Monroe County Legislature

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  1. Organization
    1. Districts
    2. Elections and Term Limits
    3. Interim Appointments and Party Leaders
  2. Districts and Current Members
    1. District Maps
  3. History
  4. Related Links

Organization

Districts

The Monroe County Legislature is a parliamentary body representing the citizens of 29 districts in Monroe County, New York. Consistent with the "one man, one vote" doctrine first introduced by the Supreme Court in 1964, legislative districts are drawn according to population, each possessing approximately 25,000 citizens, within a small tolerance. The organization of districts is reviewed every decade in accordance with the most recently released [WWW]U.S. Census.

This review and revision of districts, commonly referred to as "[WWW]redistricting," is the responsibility of the Legislature. The last redistricting in Monroe County was done in 2001. In that most recent redistricting round, the new district map was assembled by the Monroe County Board of Elections and approved by the Legislature. However, the Legislature is not bound to this specific method, and can use whatever method the Legislators prefer, provided that the result is an equal number of citizens per district. The new district map is bundled into a bill to be voted on, and if that bill passes the Legislature's approval, it moves on to the County Executive's office to be signed into law.

Elections and Term Limits

The Legislative districts in Monroe County are redistricted outlined in the previous section. The next election after the census (say, 2001, to make the math easy) elects Legislators to a four-year term. In the following election period, 2005, a random lottery is drawn from which 14 districts get picked to have 2-year terms and 15 are picked to have 4-year terms. Those that drew the 2-year term will be elected to a 4-year term in 2007 and those that got 4-year terms will get a 2-year term election in 2009. So, there is a cycle for Legislative districts to cycle between two and four year terms such that they each get 10-year cycles between Census.

Legislators are limited to 10-year terms. However, it is entirely possible that someone could be elected in 2007 to a 4-year term, win another election in 2011 (which is after the Census and therefore a 4-year term), then be in the district that gets a 4-year term for 2015, which would be 12 years total. In this case, the Legislator would forfeit the last two years and have his party select an interim replacement between 2017 and 2019.

Interim Appointments and Party Leaders

By convention (though it is not a rule), should a member of the Legislature leave for any reason before his or her term expires, the remaining members of his party will appoint a new Legislator to fill their position. Once the term of the outgoing member has expired, the appointed member is expected to campaign in the next election, subject to the term limit rules outlined above.

The members of both minority and majority parties each elect a leader to represent them in the Legislature. The majority party elects a Speaker for the entire Legislature.


Districts and Current Members

District Maps

These maps show the legislative districts in the Monroe County Legislature. The second map shows only the city so that these smaller districts can be seen more clearly.

leg-Chart1.gifleg-Chart2.gif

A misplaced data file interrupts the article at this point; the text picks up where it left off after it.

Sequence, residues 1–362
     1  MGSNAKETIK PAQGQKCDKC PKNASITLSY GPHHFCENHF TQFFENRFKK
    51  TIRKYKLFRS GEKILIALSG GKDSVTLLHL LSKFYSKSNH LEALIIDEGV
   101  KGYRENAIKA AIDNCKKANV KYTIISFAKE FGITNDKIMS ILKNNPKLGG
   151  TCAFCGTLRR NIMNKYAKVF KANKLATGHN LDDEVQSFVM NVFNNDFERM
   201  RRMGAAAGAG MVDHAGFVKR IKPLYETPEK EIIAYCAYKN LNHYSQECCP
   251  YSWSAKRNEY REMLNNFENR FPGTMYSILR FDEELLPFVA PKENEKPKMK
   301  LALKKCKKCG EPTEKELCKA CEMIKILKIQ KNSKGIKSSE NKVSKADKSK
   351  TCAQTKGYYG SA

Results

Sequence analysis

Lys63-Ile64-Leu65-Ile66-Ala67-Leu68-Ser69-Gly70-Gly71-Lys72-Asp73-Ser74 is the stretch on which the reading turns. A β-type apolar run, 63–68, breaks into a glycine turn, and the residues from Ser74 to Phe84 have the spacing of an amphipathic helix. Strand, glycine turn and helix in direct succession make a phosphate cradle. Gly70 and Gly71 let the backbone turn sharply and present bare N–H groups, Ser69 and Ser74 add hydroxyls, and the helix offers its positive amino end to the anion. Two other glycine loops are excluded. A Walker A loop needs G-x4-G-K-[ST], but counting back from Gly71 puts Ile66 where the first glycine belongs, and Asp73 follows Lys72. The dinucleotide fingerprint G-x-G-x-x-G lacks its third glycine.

Note: all Legislator names current as of 5/20/2014

District Communities Served Current Legislator Affiliation Position
1 Greece, Parma Richard Yolevich (R)
2 Clarkson, Hamlin, Sweden Mike Rockow (R)
3 Chili Mary A. Valerio (R)
4 Gates, Ogden Steve Tucciarello (R) Majority Leader
5 Henrietta, Mendon, Pittsford, Rush Karla Boyce (R)
6 Greece Fred Ancello (R)
7 Greece, Rochester Brian E. Marianetti (R)
8 Webster Carmen Gumina (R)
9 Penfield Debbie Drawe (R)
10 Brighton, East Rochester, Pittsford Anthony Daniele (R)
11 Fairport, Perinton Sean M. Delehanty (R)
12 Chili, Henrietta, Riga, Wheatland Jeff Adair (R) President
13 Henrietta, Pittsford John Howland (R)
14 Brighton Justin Wilcox (D)
15 Penfield, Webster Dan Quatro (R)
16 Irondequoit Joe Carbone (D)
17 Irondequoit Joseph D. Morelle, Jr. (D)
18 East Rochester, Perinton Dorothy Styk (R)
19 Greece, Parma Kathleen Taylor (R)
20 Greece, Ogden, Sweden Robert J. Colby (R)
21 Rochester Carrie Andrews (D) Minority Leader
22 Rochester Glenn Gamble (D)
23 Rochester Paul Haney (D)
24 Rochester, Brighton, Henrietta Joshua Bauroth (D)
25 Rochester John Lightfoot (D)
26 Rochester, Gates, Greece Tony Micciche (D)
27 Rochester Willie J. Lightfoot (D)
28 Rochester Cynthia Kaleh (D)
29 Rochester Leslie M. Rivera (D)

History

Established on February 23, 1821 from parts of neighboring Genesee and Ontario Counties, the county was named after United States President James Monroe. The first meeting of the 43 member Board of Supervisors took place on May 8, 1821, and the first County Manager was appointed by the Board in 1936. In 1980, the Charter was amended to provide for the direct election of a County Executive for a four-year term beginning in 1984.

In the mid-1960s the Supreme Court to the United States handed down an important decision establishing the “one man-one vote” principle. Based on this historic action, in 1967 the 29-member Monroe County Legislature became this County’s chief lawmaking body, replacing the 43-member Board of Supervisors which had been in existence for 145 years. The Monroe County Charter became effective in 1967 creating the County Legislature.

In 1980, the Charter was amended to provide for the direct election of a County Executive for a four-year term beginning in 1984.

Related Links